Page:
People's Control Commission

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The People's Control was a semi-civic, semi-governmental organisation in the Soviet Union with the purpose of putting under scrutiny the activities or government, local administrations and enterprises. It traces its roots back to Rabkrin (the Workers' and Peasants' Inspectorate), established in 1920.

When Joseph Stalin rose to power, he merged Rabkrin with the CPSU Party Control Committee, only to un-merge them in the 1930s. Nikita Khrushchev, seeking to emulate the Bolsheviks but as part of his de-Stalinization efforts, merged them again and created the Committee of Party-State Control of the Central Committee of the CPSU and of the Council of Ministers of the USSR, putting the ambitious Alexander Shelepin in charge. In 1965, Leonid Brezhnev and the collective leadership around him separated them once more to restrain Shelepin's ambitions.

The 1979 USSR Law on People's Control established committees of people's control in each Soviet republic under the supervision of the central Committee of People's Control. These committees had the authority to audit government and economic administration records. Officials found guilty of illegalities could be publicly reprimanded, fined for damages, or referred to the procurator for prosecution. In the late 1980s, the committees of people's control were an invaluable instrument in Soviet premier Mikhail Gorbachev's efforts at reform and perestroika.[1]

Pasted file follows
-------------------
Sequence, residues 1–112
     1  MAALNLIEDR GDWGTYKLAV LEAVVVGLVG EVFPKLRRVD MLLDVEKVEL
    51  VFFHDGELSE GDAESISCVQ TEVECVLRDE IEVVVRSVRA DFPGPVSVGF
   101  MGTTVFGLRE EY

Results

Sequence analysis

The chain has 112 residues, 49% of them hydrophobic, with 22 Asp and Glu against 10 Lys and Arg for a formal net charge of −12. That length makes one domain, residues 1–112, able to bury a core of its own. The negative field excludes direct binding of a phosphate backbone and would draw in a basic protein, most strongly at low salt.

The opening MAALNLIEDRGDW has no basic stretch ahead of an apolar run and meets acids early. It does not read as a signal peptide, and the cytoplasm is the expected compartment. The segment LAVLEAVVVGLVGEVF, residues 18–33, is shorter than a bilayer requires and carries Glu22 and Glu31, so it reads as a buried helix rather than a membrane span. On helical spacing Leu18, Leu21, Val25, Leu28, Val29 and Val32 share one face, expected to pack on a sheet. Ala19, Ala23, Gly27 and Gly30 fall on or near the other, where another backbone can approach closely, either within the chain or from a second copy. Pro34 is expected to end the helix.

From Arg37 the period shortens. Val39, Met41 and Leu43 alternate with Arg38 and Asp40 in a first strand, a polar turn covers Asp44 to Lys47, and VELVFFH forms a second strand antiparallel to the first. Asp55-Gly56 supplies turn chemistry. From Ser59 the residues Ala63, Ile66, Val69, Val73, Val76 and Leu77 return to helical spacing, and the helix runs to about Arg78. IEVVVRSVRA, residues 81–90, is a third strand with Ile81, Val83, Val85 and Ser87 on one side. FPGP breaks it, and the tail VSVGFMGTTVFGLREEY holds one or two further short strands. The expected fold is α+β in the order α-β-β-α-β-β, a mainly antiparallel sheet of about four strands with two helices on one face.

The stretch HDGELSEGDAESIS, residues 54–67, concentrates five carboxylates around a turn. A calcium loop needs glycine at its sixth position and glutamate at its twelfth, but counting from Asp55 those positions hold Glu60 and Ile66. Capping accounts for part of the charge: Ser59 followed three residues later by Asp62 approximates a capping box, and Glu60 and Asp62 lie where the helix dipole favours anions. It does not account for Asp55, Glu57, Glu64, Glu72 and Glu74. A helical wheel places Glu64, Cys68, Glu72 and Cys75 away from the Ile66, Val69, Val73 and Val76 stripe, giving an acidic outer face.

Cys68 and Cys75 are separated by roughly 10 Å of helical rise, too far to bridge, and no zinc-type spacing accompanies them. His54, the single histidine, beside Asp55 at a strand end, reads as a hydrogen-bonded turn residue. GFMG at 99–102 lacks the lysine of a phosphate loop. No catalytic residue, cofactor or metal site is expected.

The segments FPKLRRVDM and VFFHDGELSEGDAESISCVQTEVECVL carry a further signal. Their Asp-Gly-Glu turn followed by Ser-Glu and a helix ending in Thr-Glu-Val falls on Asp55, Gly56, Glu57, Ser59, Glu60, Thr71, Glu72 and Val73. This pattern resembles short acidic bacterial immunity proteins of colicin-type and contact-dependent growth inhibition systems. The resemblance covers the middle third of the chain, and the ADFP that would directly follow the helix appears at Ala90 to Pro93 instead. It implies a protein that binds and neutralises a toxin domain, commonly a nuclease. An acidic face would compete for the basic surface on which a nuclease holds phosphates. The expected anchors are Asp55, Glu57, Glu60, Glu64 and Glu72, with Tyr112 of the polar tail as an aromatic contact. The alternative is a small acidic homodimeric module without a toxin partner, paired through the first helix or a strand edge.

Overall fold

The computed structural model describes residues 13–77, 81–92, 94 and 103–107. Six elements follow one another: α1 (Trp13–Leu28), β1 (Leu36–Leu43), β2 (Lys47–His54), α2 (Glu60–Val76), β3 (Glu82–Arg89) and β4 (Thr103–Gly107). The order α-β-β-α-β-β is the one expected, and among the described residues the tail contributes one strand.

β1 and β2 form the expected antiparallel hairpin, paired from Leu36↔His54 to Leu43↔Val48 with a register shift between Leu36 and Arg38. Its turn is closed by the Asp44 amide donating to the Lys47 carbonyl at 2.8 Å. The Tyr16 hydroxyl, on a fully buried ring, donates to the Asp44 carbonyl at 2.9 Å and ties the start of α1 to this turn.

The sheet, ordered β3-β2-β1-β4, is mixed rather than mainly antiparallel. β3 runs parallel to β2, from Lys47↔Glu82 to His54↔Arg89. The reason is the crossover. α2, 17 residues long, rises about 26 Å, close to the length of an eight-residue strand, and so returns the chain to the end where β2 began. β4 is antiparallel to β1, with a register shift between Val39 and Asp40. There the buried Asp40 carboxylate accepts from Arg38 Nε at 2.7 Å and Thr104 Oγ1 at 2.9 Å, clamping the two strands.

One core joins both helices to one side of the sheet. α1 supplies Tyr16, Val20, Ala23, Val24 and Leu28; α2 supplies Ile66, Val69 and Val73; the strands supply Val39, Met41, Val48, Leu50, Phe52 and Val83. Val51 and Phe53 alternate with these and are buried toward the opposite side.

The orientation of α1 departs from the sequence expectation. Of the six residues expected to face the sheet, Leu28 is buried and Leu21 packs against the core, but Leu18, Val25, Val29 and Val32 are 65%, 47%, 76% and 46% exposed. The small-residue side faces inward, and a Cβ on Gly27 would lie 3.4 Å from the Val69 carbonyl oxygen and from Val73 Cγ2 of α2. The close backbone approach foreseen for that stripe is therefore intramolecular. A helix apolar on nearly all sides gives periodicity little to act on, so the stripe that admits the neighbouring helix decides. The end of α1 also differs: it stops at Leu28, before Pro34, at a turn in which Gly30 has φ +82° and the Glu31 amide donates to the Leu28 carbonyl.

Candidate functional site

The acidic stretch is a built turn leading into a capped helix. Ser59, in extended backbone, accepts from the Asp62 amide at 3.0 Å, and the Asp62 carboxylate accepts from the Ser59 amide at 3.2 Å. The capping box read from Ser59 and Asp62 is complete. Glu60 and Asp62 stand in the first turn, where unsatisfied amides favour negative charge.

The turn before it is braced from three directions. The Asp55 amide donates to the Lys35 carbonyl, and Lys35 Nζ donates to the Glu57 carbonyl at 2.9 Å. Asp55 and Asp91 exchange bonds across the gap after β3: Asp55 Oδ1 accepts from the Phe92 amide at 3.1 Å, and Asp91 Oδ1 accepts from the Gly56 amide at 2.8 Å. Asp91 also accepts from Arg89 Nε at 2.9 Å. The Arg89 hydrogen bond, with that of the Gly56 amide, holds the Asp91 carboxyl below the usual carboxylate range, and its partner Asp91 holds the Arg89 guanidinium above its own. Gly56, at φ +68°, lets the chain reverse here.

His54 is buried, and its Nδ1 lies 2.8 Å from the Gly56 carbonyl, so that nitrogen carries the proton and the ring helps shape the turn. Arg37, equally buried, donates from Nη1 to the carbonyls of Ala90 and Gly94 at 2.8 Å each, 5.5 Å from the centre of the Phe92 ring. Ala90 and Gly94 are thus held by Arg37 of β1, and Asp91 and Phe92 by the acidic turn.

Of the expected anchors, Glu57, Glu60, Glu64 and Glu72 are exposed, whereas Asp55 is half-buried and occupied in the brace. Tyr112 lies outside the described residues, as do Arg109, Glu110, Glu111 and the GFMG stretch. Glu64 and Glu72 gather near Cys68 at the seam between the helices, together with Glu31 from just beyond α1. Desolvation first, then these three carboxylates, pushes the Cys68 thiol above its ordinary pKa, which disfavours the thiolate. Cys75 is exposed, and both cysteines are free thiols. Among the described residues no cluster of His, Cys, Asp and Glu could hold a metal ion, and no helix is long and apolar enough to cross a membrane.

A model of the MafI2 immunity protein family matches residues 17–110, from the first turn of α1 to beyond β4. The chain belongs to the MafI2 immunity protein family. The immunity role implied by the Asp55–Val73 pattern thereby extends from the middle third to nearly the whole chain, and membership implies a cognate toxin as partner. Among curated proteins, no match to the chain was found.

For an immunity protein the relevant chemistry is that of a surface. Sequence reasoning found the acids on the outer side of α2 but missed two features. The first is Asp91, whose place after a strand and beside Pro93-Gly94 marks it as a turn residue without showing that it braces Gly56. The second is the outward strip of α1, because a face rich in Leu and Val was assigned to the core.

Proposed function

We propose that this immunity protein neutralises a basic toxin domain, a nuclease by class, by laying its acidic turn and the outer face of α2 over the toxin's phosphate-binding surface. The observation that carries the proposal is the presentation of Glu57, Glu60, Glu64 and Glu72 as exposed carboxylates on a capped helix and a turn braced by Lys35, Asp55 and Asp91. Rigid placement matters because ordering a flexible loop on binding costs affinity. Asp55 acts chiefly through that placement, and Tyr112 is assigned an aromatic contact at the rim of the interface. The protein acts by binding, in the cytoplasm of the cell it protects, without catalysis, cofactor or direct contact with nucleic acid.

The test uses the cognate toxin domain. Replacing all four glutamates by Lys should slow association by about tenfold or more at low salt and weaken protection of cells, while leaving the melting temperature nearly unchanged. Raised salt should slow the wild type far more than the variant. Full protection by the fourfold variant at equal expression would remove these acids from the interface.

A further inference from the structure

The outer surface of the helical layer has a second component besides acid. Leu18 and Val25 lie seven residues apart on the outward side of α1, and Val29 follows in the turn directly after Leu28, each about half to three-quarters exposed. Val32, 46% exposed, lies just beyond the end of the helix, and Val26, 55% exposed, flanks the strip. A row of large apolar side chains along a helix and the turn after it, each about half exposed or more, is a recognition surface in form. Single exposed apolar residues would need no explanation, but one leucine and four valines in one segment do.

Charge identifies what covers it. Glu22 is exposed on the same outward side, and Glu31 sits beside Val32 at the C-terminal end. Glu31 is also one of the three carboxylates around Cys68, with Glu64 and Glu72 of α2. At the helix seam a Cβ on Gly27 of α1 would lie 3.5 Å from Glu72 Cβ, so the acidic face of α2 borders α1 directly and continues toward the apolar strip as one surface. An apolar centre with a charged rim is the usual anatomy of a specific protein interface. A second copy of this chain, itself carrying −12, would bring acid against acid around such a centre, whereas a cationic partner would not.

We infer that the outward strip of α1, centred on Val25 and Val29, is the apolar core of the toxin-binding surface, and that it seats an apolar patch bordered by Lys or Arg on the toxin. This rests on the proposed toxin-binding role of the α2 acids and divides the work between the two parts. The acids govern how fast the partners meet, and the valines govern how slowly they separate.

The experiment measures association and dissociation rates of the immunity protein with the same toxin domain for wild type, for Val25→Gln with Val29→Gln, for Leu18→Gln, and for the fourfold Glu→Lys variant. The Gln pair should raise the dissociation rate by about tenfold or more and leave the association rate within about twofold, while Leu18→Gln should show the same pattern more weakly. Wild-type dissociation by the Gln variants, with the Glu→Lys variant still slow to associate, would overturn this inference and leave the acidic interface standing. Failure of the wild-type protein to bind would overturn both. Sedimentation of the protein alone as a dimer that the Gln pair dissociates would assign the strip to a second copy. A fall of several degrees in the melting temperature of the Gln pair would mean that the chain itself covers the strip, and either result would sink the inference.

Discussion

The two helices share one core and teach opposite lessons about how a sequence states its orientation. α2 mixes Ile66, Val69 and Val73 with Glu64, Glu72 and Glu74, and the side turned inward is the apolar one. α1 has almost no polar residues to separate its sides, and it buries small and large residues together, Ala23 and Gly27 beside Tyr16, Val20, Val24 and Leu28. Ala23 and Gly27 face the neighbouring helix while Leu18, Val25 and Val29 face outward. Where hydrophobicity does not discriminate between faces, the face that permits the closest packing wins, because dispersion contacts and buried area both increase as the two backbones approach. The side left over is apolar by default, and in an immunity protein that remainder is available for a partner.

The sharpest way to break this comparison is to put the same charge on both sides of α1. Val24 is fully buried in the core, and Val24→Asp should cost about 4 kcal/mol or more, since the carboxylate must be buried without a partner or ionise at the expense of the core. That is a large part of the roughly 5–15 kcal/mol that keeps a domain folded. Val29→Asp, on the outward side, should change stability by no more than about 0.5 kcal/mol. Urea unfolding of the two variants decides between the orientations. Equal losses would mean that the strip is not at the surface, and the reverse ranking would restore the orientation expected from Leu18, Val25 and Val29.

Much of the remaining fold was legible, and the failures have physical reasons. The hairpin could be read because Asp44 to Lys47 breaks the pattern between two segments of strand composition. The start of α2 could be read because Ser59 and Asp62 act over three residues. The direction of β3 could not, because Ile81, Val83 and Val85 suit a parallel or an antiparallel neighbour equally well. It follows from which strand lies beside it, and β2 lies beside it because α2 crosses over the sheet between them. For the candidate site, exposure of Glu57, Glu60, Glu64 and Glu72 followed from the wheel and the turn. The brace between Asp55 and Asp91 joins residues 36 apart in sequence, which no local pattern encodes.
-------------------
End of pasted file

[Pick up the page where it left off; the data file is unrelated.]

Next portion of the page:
The committees of people's control extended throughout the Soviet Union. In 1989, of the more than 10 million citizens who served on these organs, 95 percent were volunteers. General meetings of work collectives at every enterprise and office elected the committees for tenures of two and one-half years. The chairman of the Committee of People's Control and a professional staff served for five years. The chairman sat on the USSR Council of Ministers.[1]


See also


  1. 1.0 1.1 A Country Study: Soviet Union (Former), section "Committees of People's Control"
  • Adams, Jan S. (1978). "Institutional Change in the 1970s: The Case of the USSR People's Control Committee." Slavic Review 37(3):457 - 472.
  • Adams, Jan S. (1989). "USSR People's Control Committee and Perestroika." Radio Liberty Report on the USSR 1(4):1 - 3.

 This article incorporates public domain material from websites or documents of the Library of Congress Country Studies.